CMAX Advisory closely follows political developments internationally and analyses implications for businesses operating in Australia.
We develop a weekly report of the most important political news in Australia, utilising our understanding of complex political issues and processes to inform companies of relevant developments and forecast likely outcomes.
This week's top story
23 April 2019
Parties narrow focus on specific seats
Media coverage of the election campaign is converging on a collection of prominent marginal electorates. The current minority government situation means both major parties have moved onto the attack, a disposition which will be particularly taxing for the Government.
Seats belonging to prominent conservatives in the Government or with controversial preselection contests have attracted particular attention. Minister for Home Affairs Peter Dutton —who led the August 2018 leadership challenges against former Prime Minister Malcolm Turnbull — is facing a difficult race in his highly marginal Queensland seat of Dickson. Meanwhile, former Prime Minister Tony Abbott is being challenged by multiple high-profile independents. Prime Minister Scott Morrison’s decision to defy the local branch’s preselection vote in the New South Wales seat of Gilmore has fragmented the conservative vote in the already marginal Liberal-held seat. Meanwhile, the controversy surrounding the departure of Labor Member for Lindsay Emma Husar has raised the Government’s hopes of winning the western Sydney electorate.
With both major parties short of a majority, the Government and the Opposition are both seeking to gain seats at the next election. This is particularly difficult for the Government, which will need to defy the polling trend and hold all its existing seats while winning seats from the Opposition. This will impose a significant burden on the Liberal Party’s campaigning resources, which are already depleted after two demanding state elections. With the Opposition and independents emboldened by the Government’s internal discord, those resources will be required to shore up seats which previously seemed unassailable. This is comparable to the 2013 federal election, where the minority Labor Government attempted to reach a majority and experienced a landslide defeat.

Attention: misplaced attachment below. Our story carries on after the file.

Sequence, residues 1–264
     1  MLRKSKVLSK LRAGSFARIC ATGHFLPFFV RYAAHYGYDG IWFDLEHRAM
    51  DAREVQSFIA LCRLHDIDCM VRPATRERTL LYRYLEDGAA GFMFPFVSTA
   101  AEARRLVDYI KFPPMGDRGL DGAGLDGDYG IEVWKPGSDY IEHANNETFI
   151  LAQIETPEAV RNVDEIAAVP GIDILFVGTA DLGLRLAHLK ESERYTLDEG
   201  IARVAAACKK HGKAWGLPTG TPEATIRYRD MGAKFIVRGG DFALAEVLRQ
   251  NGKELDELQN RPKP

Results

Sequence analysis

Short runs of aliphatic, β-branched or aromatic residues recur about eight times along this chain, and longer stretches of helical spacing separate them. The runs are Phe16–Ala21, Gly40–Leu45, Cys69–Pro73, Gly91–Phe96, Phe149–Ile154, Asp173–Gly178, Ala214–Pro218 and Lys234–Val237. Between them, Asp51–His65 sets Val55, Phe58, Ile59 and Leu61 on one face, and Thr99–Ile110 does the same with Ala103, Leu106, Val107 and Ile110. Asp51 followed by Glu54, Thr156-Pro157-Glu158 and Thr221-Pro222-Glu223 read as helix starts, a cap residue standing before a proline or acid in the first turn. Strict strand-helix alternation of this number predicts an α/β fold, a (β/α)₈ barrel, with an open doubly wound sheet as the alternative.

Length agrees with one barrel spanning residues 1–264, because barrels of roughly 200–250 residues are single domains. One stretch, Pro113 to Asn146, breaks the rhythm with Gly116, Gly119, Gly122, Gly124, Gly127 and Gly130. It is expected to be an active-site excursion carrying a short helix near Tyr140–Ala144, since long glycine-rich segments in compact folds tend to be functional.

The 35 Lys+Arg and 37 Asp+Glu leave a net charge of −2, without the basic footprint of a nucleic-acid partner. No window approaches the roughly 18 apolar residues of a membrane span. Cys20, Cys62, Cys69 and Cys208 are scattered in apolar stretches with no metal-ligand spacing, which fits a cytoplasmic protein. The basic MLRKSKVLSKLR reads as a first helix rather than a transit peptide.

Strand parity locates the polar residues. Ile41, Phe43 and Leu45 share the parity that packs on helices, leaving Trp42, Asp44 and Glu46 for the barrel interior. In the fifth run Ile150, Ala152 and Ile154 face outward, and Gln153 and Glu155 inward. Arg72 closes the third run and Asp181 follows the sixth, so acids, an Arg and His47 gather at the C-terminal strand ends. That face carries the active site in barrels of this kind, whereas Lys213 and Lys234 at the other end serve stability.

Unemployment rises slightly
The Australian Bureau of Statistics has released the labour force statistics for March 2019, which show the seasonally adjusted unemployment rate increasing by one point to five per cent. The trend unemployment rate remained at five per cent, while the trend underemployment rate was also unmoved at 8.2 per cent. The increase in unemployment occurred despite an 18,000 person rise in full-time employment. With the election campaign focussed on fiscal issues, this development will probably enter political debate, but is unlikely to change the course of the campaign. However, this could hold some significance for interest rates, as last week the Reserve Bank of Australia signalled a potential rate cut if unemployment increased.
Government faces scrutiny over water deal
Former Deputy Prime Minister Barnaby Joyce has received criticism for approving an A$80 million water buyback from Eastern Australia Agriculture (EAA) without scrutinising the details of the agreement. The main area of contention is EAA’s parent company Eastern Australia Irrigation, which is based in the Cayman Islands and has historical links to Minister for Energy Angus Taylor. The Government has defended the decision, saying the Labor Party bought water from the same company while in government. However, the Opposition states it made the purchase through an open tender, as opposed to the Government’s private negotiations. The Opposition’s framing here aligns with its criticism of the Government’s decision to award security firm Paladin a contract through a limited tender, despite questions around the company’s record and capacity. While neither major party has not committed to a formal inquiry into water management, the party which forms government after the election will be under considerable pressure from the crossbench to initiate a Royal Commission into the issue.
China signals WTO action over Huawei ban
China has raised objections at the World Trade Organisation (WTO) about Australia’s decision to exclude Huawei from the construction of its 5G network. China is yet to lodge a formal complaint, but a Chinese diplomat raised the issue at the WTO’s Council on Trade in Goods, describing the ban as discriminatory. A challenge would likely be unsuccessful as the WTO allows exceptions to its rules where national security is concerned.
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